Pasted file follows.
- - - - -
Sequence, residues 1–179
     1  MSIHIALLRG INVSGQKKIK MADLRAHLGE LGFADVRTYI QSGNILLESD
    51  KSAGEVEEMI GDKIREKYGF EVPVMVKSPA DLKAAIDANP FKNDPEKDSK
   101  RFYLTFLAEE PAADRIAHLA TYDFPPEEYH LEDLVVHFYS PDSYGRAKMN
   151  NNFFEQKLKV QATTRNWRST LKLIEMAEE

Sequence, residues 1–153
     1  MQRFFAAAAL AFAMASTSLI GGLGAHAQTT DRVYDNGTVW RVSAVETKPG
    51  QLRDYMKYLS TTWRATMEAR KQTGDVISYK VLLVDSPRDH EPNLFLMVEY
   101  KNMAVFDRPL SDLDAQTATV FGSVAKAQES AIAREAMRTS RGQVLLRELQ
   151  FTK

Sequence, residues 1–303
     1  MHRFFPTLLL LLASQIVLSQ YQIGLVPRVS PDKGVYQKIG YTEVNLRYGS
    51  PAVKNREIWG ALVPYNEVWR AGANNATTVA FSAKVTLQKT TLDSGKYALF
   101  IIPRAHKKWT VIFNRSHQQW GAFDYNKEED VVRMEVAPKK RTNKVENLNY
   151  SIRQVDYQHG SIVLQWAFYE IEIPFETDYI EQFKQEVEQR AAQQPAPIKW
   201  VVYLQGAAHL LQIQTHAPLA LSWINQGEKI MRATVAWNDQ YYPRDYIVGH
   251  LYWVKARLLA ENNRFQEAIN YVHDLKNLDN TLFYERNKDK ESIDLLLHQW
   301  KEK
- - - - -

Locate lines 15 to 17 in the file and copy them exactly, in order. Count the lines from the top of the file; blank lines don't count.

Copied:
   151  SIRQVDYQHG SIVLQWAFYE IEIPFETDYI EQFKQEVEQR AAQQPAPIKW
   201  VVYLQGAAHL LQIQTHAPLA LSWINQGEKI MRATVAWNDQ YYPRDYIVGH
   251  LYWVKARLLA ENNRFQEAIN YVHDLKNLDN TLFYERNKDK ESIDLLLHQW